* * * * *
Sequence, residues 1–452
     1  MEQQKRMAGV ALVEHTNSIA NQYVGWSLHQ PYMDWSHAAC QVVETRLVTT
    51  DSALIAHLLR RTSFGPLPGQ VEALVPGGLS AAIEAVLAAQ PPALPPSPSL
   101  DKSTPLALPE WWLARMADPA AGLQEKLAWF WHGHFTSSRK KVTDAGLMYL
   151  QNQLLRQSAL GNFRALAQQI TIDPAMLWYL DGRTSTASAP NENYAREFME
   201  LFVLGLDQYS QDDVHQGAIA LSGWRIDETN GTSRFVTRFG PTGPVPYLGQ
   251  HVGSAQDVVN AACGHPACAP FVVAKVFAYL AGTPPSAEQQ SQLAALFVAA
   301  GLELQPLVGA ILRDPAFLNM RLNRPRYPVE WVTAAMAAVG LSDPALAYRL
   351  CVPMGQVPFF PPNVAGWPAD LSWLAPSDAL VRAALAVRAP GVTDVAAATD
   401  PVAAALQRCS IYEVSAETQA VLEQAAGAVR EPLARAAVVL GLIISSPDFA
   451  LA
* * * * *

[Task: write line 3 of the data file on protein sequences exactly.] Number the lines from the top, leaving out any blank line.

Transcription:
    51  DSALIAHLLR RTSFGPLPGQ VEALVPGGLS AAIEAVLAAQ PPALPPSPSL